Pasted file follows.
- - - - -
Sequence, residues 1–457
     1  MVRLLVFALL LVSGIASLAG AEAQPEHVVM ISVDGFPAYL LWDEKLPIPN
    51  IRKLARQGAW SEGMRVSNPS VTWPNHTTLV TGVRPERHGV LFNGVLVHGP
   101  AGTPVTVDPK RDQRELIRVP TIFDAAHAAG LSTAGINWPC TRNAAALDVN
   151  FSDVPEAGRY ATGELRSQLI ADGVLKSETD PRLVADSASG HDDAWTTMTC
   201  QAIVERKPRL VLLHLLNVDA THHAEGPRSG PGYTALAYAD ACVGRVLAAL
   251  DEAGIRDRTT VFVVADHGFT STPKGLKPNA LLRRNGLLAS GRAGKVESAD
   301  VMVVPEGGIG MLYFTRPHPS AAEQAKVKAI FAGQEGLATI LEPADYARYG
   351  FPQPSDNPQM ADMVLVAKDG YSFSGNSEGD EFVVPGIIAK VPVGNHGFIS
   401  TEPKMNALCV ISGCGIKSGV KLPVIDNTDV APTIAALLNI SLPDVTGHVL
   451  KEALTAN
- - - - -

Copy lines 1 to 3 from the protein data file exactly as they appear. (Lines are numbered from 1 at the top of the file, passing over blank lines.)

Sequence, residues 1–457
     1  MVRLLVFALL LVSGIASLAG AEAQPEHVVM ISVDGFPAYL LWDEKLPIPN
    51  IRKLARQGAW SEGMRVSNPS VTWPNHTTLV TGVRPERHGV LFNGVLVHGP